Would You Give Up Your Eyesight For A Day?
Imagine, just one day. For some reason, even in 2016 people seem to be unable to step outside their comfort zone and imagine life in someone else’s shoes. We still go around feeling sorry for people who we assume must live lives full of hardship and adversity just because their legs don’t work like ours do or because their senses aren’t stacked in exactly the same order as ours are.
These assumptions contribute to the form of discrimination known as ableism. The funny thing about feeling sorry for these people is that while we think it comes from a place of altruism, projecting pity onto a person steals away from them the opportunity to own their own narrative, to prove themselves for who they are rather than who others think they’re supposed to be.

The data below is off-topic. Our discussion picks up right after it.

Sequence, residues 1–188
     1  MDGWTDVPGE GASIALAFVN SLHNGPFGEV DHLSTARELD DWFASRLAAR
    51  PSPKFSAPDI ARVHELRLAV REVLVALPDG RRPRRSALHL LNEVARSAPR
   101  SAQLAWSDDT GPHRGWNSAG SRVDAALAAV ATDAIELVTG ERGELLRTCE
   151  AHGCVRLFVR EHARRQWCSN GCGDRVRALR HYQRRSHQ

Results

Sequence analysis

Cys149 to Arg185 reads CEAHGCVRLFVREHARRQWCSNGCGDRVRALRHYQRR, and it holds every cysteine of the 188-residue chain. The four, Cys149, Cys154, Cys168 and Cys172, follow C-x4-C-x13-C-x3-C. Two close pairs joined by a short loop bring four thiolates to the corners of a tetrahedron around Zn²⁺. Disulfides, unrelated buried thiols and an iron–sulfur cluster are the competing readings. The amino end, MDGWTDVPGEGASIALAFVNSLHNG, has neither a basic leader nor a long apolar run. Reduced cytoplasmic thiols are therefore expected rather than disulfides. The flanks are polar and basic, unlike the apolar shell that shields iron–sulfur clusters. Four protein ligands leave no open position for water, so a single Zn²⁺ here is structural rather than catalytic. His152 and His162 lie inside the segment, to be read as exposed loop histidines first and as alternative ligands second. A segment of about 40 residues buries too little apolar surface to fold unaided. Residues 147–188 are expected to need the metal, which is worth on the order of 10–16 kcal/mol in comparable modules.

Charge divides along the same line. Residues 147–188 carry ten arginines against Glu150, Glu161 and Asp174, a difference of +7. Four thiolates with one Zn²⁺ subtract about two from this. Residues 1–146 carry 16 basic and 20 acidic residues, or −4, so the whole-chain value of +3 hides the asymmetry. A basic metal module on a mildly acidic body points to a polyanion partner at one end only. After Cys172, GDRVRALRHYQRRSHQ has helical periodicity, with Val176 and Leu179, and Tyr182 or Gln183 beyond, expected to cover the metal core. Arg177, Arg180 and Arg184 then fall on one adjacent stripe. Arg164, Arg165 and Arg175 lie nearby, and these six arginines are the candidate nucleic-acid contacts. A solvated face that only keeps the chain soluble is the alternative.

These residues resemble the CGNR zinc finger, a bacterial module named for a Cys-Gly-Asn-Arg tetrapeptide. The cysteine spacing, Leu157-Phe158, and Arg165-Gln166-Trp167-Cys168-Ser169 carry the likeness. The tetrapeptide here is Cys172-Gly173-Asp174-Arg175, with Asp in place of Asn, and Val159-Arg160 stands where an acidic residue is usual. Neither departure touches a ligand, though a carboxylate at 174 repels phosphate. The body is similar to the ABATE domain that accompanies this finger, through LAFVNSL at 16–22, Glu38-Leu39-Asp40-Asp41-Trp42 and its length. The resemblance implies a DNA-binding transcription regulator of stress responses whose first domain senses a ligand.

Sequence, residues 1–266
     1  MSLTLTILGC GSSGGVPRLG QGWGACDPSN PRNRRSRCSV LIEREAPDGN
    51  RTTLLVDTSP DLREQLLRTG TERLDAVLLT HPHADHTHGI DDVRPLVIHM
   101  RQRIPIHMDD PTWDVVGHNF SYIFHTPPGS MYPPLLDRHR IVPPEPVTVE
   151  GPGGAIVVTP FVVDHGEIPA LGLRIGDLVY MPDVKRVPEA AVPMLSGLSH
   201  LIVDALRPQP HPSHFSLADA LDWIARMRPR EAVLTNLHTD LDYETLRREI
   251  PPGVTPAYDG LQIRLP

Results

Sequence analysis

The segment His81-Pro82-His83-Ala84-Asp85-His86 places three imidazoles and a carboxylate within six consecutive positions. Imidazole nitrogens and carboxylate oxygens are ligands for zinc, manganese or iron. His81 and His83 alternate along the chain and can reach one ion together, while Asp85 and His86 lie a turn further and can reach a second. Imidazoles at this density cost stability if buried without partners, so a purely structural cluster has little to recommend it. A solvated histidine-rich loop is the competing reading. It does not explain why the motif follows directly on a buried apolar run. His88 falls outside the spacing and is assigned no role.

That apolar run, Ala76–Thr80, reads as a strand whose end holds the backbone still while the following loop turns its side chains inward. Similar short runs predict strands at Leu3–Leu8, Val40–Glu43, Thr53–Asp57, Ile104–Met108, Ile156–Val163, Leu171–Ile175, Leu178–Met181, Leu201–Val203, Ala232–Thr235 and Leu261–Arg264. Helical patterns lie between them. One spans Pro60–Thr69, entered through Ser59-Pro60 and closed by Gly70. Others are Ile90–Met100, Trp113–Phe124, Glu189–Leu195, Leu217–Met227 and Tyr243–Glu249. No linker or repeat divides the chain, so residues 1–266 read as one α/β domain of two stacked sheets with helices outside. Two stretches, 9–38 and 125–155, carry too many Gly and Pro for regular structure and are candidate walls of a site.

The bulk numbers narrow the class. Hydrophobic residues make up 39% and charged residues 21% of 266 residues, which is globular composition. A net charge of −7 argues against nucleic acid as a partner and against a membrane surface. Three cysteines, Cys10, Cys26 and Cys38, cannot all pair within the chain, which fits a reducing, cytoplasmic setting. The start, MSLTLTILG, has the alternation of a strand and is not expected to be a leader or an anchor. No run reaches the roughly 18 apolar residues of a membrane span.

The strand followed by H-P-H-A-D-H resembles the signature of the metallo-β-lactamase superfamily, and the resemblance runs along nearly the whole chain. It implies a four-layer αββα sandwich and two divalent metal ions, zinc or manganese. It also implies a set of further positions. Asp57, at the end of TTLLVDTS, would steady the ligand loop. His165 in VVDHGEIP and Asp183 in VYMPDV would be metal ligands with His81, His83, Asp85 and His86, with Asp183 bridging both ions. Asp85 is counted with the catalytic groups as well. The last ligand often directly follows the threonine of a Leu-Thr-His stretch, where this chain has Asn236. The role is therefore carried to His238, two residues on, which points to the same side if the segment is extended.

One blind man was interviewed on how he thought his life was different because he couldn’t see, and his answers may not be exactly what you’d expect.
Next time you feel sorry for someone with a disability, try to take a walk in their shoes.